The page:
Photo of Malcolm Moss Malcolm Moss Conservative, North East Cambridgeshire

I briefly add my support to my hon. Friend, who tabled the amendment. The amendment adds the words,

''section 107(3) (public performance of a work, knowing that it will infringe copyright);''

to those offences already listed in schedule 4(12) under the Copyright, Designs and Patents Act 1988. The amendment would simply add to the list of relevant

offences that have to be taken into account in relation to a personal licence application. We have received considerable lobbying from people who say that there are people who have knowingly transgressed that section of the 1988 Act over a period of time, and they would like to see the addition to the list of offences in paragraph 12.

Photo of Kim Howells Kim Howells Parliamentary Under-Secretary, Department for Culture, Media & Sport

Copyright and intellectual property rights-related offences are very serious. I pay tribute to the hon. Member for Cities of London and Westminster for reflecting the concerns of the music and film industries in tabling the amendments.

In response to concerns from industry, the Government have amended the Bill to make certain offences under the Copyright, Designs and Patents Act 1988 relevant offences for the purpose of the Bill. One can tell that I was once a Department of Trade and Industry Minister by my pronunciation of the word ''patents'', which was drummed—beaten—into me. Such offences include those in section 198(2), which covers the broadcast of a recording of a performance made without permission, and section 297(1), which covers the fraudulent reception of a transmission. As the hon. Gentleman hinted, the matter will become more serious as digital projectors become more available and cheaper and as it becomes possible to broadcast films by satellite. The film industry is very worried about piracy.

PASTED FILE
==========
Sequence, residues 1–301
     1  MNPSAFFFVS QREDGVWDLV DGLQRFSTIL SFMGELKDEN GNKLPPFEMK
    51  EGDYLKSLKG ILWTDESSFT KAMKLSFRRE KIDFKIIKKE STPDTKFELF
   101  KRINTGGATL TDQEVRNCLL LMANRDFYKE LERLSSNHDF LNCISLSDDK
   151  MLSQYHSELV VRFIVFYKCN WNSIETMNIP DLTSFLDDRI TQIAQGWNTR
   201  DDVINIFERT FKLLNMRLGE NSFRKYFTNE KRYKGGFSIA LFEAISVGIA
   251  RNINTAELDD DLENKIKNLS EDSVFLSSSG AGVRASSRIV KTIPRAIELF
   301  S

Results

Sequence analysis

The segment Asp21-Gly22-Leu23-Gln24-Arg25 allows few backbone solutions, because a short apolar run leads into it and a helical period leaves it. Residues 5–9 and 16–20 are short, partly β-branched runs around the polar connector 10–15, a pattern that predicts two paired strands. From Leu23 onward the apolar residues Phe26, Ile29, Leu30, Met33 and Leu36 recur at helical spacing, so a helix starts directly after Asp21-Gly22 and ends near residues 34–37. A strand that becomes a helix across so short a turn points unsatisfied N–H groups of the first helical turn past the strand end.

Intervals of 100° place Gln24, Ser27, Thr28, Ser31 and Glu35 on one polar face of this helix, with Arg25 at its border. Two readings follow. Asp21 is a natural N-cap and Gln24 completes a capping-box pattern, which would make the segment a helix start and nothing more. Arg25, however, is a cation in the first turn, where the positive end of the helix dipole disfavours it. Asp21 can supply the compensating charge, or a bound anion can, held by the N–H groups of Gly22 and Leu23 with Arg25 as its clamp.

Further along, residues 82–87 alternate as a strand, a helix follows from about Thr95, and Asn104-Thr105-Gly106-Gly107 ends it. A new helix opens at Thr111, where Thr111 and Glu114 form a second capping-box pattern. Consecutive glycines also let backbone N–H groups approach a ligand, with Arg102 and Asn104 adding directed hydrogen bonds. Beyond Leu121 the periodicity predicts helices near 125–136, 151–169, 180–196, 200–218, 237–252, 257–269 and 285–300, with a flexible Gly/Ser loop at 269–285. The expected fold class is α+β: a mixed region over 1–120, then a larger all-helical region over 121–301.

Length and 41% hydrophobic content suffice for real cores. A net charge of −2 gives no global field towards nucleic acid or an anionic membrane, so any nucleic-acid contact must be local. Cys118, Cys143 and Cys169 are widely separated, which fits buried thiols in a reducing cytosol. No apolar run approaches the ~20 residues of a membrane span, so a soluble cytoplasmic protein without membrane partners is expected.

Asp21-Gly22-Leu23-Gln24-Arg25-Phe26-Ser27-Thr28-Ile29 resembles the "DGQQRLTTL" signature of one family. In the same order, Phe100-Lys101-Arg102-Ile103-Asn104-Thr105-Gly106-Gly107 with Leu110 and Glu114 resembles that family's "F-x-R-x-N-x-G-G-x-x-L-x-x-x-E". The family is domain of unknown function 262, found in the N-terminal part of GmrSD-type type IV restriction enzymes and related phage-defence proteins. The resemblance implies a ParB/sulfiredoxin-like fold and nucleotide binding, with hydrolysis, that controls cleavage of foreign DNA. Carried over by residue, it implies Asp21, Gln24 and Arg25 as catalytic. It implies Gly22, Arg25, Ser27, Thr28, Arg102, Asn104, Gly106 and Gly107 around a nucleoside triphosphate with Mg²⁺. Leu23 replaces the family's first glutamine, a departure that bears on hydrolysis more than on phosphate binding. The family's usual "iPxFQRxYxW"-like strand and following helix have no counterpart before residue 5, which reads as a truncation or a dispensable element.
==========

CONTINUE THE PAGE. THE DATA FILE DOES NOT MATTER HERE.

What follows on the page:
The offences that were included deal with particular concerns of the industry. Like the hon. Gentleman, I am grateful to British Music Rights, which, I believe, was keen to add an offence to schedule 4, for stimulating debate on the issue.

I am not yet ready to accept the amendment, but I shall consider it further and return to the matter on Report. Therefore, I hope that the hon. Gentleman will withdraw the amendment at this stage.

Photo of Mark Field Mark Field Conservative, Cities of London and Westminster

It has been a sensible, albeit brief, debate. It is clear that the Bill goes beyond licensing into the regulation of entertainment, in particular live and recorded music. The amendment was tabled with the latter category in mind. I hope that after giving the matter consideration the Minister will be able on Report to go some way towards alleviating the concerns that the Music Business Forum has expressed. On that basis, I beg to ask leave to withdraw the amendment.

Amendment, by leave, withdrawn.

Schedule 4 agreed to.